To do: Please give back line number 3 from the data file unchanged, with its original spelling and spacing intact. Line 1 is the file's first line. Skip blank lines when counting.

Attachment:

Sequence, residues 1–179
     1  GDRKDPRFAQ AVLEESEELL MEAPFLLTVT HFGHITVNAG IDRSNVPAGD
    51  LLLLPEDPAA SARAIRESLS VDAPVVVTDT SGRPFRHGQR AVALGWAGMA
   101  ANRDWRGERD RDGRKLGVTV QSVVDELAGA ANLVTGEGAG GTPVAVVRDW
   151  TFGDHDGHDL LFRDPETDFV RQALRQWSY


    51  LLLLPEDPAA SARAIRESLS VDAPVVVTDT SGRPFRHGQR AVALGWAGMA